With Heart and Soul: Calgary's Italian Community

With Heart and Soul: Calgary's Italian Community

With Heart and Soul: Calgary's Italian Community

With Heart and Soul: Calgary's Italian Community


With Heart and Soul goes beyond the normal treatment of causes and consequences of immigration and focuses on the ways in which "Old World" cultural traits were transformed and altered as immigrants encountered an urban, industrial--and at times, hostile--new environment. Based on 48 in-depth interviews with first-generation Italian immigrants, the story Fanella tells is compelling and informative, not only for Italian-Canadian readers, but also those interested in more general ethnic or immigration studies. With Heart and Soul is a sensitive testament to those whose lives were defined by the social and cultural upheaval that is immigration.


On 5 February 1968, my parents, my younger brother and I arrived in Calgary from Milano, Italy As Italian immigrants to Canada, we were latecomers in the process, and unlike many earlier immigrants, my family was not from a peasant or farming background. My paternal grandfather was a member of the Carabinieri (the Italian federal police force). My maternal grandfather worked for the Italian railway, the Ferrovie dello Stato. But, like many others before them, my parents came to Canada in search of economic prosperity.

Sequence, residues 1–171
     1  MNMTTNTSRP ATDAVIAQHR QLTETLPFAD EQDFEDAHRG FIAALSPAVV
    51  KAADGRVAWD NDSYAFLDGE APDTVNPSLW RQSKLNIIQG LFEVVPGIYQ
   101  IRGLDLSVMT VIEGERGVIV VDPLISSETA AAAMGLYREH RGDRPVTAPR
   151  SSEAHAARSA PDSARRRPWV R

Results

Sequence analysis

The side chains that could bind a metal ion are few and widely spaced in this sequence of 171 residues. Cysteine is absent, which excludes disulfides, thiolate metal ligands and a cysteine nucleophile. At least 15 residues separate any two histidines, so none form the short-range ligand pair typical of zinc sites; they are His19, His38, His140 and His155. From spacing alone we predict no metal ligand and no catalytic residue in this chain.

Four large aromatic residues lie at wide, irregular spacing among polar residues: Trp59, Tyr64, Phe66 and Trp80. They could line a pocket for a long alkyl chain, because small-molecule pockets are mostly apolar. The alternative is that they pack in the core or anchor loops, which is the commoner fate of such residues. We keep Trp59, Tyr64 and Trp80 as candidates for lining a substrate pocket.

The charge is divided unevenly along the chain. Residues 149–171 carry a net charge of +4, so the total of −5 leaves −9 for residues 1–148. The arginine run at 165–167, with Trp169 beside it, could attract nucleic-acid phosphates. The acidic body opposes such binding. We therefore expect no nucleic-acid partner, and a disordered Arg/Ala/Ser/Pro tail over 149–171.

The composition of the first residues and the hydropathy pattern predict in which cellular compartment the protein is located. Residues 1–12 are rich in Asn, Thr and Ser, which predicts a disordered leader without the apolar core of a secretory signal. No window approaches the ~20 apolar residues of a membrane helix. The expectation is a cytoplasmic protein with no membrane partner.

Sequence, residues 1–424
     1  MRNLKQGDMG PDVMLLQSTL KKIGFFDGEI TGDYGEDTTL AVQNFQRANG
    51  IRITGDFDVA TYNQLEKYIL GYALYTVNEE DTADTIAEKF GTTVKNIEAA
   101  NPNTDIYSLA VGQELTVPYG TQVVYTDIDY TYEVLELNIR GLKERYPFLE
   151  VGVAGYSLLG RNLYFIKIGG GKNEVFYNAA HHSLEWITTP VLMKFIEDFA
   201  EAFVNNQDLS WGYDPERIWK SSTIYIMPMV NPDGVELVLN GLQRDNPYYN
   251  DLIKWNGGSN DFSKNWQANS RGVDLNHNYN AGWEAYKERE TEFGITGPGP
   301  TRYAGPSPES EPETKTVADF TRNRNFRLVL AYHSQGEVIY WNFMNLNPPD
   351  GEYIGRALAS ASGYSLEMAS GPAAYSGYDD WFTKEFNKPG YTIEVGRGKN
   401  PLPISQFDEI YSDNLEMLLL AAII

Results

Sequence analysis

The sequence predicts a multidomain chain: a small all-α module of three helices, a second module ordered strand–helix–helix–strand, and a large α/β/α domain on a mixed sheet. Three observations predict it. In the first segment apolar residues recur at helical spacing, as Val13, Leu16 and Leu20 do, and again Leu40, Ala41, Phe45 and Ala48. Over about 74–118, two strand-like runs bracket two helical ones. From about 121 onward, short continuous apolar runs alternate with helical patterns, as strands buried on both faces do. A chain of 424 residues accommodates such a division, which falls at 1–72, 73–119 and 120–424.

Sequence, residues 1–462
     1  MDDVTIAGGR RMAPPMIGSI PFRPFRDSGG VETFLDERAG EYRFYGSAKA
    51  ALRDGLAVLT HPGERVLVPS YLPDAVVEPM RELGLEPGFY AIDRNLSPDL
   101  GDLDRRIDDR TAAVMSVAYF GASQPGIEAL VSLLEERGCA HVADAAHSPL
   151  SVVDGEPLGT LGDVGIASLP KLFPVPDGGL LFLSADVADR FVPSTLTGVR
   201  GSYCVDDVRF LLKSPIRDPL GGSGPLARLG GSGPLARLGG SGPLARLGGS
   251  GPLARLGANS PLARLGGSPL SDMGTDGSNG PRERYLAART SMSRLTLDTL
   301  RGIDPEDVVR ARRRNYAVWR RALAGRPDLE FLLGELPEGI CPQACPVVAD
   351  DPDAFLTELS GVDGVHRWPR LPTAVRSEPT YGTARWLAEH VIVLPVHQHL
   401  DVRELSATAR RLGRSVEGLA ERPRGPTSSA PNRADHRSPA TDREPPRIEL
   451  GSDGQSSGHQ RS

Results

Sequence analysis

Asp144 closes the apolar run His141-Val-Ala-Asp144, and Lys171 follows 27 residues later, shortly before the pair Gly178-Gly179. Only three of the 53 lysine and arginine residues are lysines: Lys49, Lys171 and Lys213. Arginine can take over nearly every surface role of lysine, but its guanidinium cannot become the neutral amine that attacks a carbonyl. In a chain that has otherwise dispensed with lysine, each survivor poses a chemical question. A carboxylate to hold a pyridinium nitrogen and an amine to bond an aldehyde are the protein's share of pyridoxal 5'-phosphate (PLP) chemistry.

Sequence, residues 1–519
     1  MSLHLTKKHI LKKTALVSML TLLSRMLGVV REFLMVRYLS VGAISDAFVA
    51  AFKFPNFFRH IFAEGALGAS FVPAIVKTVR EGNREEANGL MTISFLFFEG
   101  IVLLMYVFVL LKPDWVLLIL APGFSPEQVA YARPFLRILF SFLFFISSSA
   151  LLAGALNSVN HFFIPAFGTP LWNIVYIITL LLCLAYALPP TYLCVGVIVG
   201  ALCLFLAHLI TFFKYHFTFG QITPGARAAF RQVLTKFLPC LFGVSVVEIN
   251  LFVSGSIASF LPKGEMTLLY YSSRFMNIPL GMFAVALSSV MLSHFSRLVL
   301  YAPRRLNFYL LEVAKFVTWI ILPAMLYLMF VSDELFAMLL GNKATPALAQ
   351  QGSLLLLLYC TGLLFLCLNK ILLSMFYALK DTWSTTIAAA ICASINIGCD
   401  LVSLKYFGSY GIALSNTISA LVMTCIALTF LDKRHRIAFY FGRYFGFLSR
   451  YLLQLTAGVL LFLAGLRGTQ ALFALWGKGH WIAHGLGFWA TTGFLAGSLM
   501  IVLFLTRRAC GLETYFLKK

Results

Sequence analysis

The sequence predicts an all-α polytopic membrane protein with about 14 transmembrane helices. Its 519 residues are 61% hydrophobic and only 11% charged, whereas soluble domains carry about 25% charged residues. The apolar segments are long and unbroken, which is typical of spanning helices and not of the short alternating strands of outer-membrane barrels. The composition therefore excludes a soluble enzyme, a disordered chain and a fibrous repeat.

My father had made the decision to come to Canada. His maternal grandfather had been a sojourner in the United States. Nonno had wanted to emigrate permanently, but his wife had steadfastly refused, and shortly before the First World War, he returned to Italy for good. Like his grandfather, my father also wanted to emigrate. the only problem was that the opportunity had not presented itself. Now he had a chance to come to Canada. He had been enticed by letters from his sister, who claimed that there were plenty of jobs and never-ending opportunities for those who wanted to become wealthy. My mother was not impressed. She knew her sister-in-law was prone to exaggeration and felt that my father was being duped. She refused to go. They argued for months, and in the end he won. My mother was partly right. While my father, a cabinetmaker, quickly found employment in the construction industry, the streets were clearly not paved with gold. the work was not what he was accustomed to, and it was seasonal in nature.

Neither of my parents was prepared for the cultural shock. My mother found the adjustment particularly difficult. Separated from her large, close-knit family, she spent many days alone and depressed. She begged my father to admit he had made a mistake and return home. He was determined to stay “per I bambini, per il futuro”: “For the children,” he argued, “for their future.” My mother reluctantly agreed. Both of them worked hard and made many sacrifices so that my brother and I would have a better life than they themselves had known. All they asked for in return was love and respect.

My parents were not so different from other Italo-Canadians in this aspect. Italy is a country of vast regional differences. There is, however, one common thread that unites all Italians: their love of children and their commitment to their families. Family is the most important element of Italo-Canadian culture. It shaped the pattern of settlement, set the social code and transferred part of the culture to the younger generation. There . . .

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